Liked it but didn’t love it. I’ve a strict policy to never miss a Scorsese film, but it’s been awhile since one of his films meant much to me. This one is a biopic of Howard Hughes as a young man, when his mental illness (obsessive compulsive disorder) fueled his obsessions with aviation and filmmaking, and before it overwhelmed him. Scorsese obviously relates to a fellow obsessive: after all, he’s the man who once said, “I love movies – it’s my whole life and that’s it”.
‘The Aviator’ begins in the ‘20s with Hughes’ quixotic quest to create the WWI picture “Hell’s Angels”, which became the most expensive picture made to that point as Hughes paid his crew of more than 100 pilots to sit around waiting for the perfect clouds for the backdrop to the aerial scenes, which he shot with over two dozen cameras. It ends in the ‘40s as he finally achieved liftoff for his massive wooden flying boat, the “Spruce Goose”, which he designed for military use in WWII but which he didn’t finish till after the war ended.
As the film closes Hughes stands on the cusp of his descent into full-on madness.
Today he would be medicated for his OCD/germ phobia, but it was his obsessiveness that impelled him ever skyward, to dream on the grandest terms possible and beyond. Some claim that ‘The Aviator’ offers little insight into what caused Hughes to behave so bizarrely, but the cause probably was that there was something physically wrong with his brain chemistry.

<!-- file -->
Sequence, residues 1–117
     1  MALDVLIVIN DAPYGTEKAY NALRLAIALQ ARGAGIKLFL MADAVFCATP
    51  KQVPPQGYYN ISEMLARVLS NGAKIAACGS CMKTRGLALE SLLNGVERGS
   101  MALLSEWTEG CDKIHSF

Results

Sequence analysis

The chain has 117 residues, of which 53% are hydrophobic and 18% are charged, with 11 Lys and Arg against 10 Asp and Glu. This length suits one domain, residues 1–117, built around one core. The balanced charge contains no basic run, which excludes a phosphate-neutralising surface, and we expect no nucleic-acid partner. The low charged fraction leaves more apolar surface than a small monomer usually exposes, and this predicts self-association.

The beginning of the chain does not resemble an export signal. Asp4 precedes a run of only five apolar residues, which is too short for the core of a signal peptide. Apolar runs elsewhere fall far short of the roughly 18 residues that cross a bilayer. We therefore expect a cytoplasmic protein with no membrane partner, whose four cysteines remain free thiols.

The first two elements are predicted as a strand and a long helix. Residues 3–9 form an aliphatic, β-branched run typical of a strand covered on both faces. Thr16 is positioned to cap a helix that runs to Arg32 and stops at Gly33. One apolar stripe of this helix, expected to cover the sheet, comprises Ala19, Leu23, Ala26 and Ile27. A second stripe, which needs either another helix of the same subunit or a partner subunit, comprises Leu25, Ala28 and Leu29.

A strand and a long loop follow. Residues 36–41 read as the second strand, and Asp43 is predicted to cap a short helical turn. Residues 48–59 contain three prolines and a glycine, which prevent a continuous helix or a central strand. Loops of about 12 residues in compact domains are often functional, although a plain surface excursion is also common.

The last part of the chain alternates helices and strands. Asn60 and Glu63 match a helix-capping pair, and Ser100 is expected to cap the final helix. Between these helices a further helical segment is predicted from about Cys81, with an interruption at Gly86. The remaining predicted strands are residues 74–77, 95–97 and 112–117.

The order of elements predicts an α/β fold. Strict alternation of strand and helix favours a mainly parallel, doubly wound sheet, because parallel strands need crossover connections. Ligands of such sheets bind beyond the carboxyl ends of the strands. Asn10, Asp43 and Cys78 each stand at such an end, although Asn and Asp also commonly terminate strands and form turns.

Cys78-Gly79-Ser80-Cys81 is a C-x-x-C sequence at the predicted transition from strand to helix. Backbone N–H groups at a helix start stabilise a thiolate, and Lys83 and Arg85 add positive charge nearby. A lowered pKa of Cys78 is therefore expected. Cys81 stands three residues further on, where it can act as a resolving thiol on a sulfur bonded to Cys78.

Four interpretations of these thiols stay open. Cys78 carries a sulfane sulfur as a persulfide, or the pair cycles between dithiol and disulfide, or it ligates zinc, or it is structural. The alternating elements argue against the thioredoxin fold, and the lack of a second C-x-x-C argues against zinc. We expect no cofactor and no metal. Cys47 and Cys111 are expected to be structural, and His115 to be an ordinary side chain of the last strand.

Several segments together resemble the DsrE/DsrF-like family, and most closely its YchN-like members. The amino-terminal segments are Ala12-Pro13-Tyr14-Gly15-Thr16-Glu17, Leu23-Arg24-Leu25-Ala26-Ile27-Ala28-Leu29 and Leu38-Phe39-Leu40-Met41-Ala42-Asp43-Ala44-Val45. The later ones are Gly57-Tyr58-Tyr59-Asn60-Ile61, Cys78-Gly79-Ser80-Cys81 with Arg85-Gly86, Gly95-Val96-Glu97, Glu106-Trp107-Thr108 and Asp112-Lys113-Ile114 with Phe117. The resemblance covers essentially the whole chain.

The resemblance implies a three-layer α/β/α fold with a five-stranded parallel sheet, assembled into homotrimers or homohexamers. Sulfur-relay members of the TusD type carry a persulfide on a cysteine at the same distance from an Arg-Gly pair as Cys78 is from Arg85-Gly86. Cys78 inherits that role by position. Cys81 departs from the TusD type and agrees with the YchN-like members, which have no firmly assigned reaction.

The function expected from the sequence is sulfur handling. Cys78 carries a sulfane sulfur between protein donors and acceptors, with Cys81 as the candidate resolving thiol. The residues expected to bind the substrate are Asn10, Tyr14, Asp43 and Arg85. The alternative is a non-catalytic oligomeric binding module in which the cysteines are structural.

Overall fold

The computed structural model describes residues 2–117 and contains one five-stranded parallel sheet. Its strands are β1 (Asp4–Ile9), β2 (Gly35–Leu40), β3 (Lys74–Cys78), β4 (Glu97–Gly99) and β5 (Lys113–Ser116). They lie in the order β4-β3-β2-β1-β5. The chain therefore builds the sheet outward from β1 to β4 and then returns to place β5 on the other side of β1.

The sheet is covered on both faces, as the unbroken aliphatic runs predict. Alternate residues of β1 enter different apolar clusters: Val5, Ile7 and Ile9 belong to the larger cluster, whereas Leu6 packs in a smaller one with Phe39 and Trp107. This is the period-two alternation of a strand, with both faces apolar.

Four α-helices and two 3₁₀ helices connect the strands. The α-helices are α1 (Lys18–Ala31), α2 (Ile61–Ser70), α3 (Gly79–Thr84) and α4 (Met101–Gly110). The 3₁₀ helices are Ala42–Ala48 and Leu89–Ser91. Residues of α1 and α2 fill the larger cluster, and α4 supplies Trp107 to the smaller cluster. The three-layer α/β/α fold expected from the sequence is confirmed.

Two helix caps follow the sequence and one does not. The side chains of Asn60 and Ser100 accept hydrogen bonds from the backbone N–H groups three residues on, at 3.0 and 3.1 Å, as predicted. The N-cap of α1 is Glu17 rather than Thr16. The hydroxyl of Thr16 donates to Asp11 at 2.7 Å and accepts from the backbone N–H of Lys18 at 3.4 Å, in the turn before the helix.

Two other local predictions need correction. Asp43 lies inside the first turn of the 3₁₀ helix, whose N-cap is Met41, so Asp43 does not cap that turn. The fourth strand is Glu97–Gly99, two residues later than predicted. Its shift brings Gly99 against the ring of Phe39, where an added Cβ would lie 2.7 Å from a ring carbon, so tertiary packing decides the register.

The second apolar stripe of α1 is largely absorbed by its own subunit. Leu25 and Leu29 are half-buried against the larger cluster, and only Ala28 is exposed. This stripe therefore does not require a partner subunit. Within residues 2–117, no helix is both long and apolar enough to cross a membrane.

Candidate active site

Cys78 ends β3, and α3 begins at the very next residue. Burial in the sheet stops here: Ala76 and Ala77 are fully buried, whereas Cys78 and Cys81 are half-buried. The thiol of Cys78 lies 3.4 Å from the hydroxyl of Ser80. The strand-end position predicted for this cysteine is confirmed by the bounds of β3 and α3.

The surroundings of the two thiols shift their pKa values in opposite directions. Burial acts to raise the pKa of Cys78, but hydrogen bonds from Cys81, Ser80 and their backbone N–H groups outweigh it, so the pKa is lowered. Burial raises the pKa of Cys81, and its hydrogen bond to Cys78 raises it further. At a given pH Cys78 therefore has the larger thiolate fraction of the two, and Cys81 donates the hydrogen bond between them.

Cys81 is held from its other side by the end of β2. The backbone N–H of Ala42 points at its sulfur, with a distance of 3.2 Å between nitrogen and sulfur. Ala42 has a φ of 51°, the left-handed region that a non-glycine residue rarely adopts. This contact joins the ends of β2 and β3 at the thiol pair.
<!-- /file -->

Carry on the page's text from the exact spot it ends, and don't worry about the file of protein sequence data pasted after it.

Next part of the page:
Leonardo DiCaprio (or DiCrapio, as I’ve been known to call him) is actually quite good as Hughes, though I’m still not entirely sure what Scorsese sees in him. Cate Blanchett plays Katherine Hepburn, one of Hughes’ many movie star lovers. At first I thought, Blanchett’s doing a fine impression of Hepburn’s screen persona, but did Hepburn actually behave that way off-screen? Later it becomes clear that Blanchett is playing Hepburn as someone whose screen persona bled into her day-to-day life.
These days, the pleasures of a Scorsese film are not emotional but sensual: the liquid style with its almost dreamlike flow, the vivid use of color, the moving camera and its interplay with the rhythm of the cuts (for which longtime editor Thelma Schoonmaker once again deserves a hand). However, I rarely felt much for the people in the film. If he can marry his masterful style with characters that involve the audience emotionally, he’ll have another masterpiece.
Scorsese’s next project (which he’s been working on for years) is a film on Bob Dylan circa 1961-1966 due to air on PBS this summer. Now that could be amazing.
- Jan 21, 2005